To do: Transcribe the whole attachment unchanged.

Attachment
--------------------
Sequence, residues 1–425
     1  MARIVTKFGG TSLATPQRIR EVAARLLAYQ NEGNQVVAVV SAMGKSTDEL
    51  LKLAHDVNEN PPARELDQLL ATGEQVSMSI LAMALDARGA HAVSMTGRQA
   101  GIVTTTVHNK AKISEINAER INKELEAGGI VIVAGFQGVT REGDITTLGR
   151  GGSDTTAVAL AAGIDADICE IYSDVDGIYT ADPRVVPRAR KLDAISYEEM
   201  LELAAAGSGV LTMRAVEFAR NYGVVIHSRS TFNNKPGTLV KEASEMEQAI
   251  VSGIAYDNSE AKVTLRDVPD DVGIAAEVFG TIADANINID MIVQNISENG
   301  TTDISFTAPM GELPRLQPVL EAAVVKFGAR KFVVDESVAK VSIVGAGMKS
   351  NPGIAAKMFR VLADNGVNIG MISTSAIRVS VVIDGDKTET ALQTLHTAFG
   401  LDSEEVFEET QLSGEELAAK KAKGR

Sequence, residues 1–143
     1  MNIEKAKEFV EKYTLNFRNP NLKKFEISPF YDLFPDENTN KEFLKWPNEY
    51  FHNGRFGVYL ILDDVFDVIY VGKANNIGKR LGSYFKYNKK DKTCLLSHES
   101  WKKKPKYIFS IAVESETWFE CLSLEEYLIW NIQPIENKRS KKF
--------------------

Sequence, residues 1–425
     1  MARIVTKFGG TSLATPQRIR EVAARLLAYQ NEGNQVVAVV SAMGKSTDEL
    51  LKLAHDVNEN PPARELDQLL ATGEQVSMSI LAMALDARGA HAVSMTGRQA
   101  GIVTTTVHNK AKISEINAER INKELEAGGI VIVAGFQGVT REGDITTLGR
   151  GGSDTTAVAL AAGIDADICE IYSDVDGIYT ADPRVVPRAR KLDAISYEEM
   201  LELAAAGSGV LTMRAVEFAR NYGVVIHSRS TFNNKPGTLV KEASEMEQAI
   251  VSGIAYDNSE AKVTLRDVPD DVGIAAEVFG TIADANINID MIVQNISENG
   301  TTDISFTAPM GELPRLQPVL EAAVVKFGAR KFVVDESVAK VSIVGAGMKS
   351  NPGIAAKMFR VLADNGVNIG MISTSAIRVS VVIDGDKTET ALQTLHTAFG
   401  LDSEEVFEET QLSGEELAAK KAKGR

Sequence, residues 1–143
     1  MNIEKAKEFV EKYTLNFRNP NLKKFEISPF YDLFPDENTN KEFLKWPNEY
    51  FHNGRFGVYL ILDDVFDVIY VGKANNIGKR LGSYFKYNKK DKTCLLSHES
   101  WKKKPKYIFS IAVESETWFE CLSLEEYLIW NIQPIENKRS KKF